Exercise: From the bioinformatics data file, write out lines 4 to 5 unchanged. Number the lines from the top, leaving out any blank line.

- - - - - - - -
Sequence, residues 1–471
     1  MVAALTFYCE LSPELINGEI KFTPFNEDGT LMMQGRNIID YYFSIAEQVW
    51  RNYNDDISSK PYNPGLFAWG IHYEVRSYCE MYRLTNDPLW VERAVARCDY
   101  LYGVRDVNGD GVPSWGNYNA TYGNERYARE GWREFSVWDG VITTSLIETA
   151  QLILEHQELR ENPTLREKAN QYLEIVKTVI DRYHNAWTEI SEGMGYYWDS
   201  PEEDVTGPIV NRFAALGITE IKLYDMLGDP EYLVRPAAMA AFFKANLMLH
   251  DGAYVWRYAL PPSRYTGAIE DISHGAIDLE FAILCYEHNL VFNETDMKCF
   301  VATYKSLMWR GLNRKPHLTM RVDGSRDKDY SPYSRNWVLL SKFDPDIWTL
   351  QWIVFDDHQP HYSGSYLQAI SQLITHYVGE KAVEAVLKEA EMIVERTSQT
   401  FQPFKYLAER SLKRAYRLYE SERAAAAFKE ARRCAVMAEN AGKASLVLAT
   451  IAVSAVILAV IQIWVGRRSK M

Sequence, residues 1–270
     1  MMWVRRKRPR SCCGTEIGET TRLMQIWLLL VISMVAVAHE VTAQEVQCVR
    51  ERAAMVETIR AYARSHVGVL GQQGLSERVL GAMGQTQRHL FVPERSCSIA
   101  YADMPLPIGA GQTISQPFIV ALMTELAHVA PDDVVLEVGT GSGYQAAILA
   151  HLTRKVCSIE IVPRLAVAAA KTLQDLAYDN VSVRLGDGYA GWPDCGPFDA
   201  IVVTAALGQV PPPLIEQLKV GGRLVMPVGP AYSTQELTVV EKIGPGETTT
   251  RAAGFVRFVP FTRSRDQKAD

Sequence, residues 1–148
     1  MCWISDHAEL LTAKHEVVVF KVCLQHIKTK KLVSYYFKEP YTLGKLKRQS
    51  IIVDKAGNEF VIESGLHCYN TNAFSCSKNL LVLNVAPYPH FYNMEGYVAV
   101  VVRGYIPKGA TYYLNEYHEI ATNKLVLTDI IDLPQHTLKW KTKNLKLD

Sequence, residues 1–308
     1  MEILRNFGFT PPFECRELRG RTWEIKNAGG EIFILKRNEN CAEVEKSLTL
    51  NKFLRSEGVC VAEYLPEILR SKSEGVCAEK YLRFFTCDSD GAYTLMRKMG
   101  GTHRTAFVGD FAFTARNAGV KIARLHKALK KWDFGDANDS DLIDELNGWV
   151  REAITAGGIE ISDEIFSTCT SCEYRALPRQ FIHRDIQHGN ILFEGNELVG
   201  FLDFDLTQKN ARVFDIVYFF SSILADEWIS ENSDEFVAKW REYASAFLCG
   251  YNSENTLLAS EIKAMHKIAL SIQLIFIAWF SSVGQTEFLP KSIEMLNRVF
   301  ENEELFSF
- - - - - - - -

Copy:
   101  LYGVRDVNGD GVPSWGNYNA TYGNERYARE GWREFSVWDG VITTSLIETA
   151  QLILEHQELR ENPTLREKAN QYLEIVKTVI DRYHNAWTEI SEGMGYYWDS